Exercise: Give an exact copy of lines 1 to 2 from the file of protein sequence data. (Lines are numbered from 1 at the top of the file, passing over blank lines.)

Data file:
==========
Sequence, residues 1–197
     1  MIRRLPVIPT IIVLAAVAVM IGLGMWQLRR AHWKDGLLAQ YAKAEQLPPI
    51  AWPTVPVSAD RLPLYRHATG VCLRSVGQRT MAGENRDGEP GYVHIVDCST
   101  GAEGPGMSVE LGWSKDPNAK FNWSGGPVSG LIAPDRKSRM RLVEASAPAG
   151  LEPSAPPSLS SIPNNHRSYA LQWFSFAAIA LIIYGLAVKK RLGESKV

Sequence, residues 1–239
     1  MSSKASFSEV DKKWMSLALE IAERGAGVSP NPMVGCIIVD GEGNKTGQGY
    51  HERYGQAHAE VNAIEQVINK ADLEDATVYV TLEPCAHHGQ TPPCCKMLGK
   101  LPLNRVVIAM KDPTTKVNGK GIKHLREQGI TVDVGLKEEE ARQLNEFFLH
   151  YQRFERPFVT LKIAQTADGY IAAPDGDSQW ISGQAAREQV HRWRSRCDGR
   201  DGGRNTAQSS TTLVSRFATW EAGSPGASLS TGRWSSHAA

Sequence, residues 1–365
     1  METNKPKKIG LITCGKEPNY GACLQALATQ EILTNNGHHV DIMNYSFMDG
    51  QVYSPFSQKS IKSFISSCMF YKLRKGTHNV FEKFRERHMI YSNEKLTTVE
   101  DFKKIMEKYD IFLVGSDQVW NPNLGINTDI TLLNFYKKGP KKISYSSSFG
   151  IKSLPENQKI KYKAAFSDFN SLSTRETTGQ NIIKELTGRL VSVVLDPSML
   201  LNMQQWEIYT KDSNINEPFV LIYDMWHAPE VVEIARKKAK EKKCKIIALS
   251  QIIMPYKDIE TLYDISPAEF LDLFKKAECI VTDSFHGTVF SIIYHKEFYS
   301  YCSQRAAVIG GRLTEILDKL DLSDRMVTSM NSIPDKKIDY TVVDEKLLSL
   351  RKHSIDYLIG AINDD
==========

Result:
Sequence, residues 1–197
     1  MIRRLPVIPT IIVLAAVAVM IGLGMWQLRR AHWKDGLLAQ YAKAEQLPPI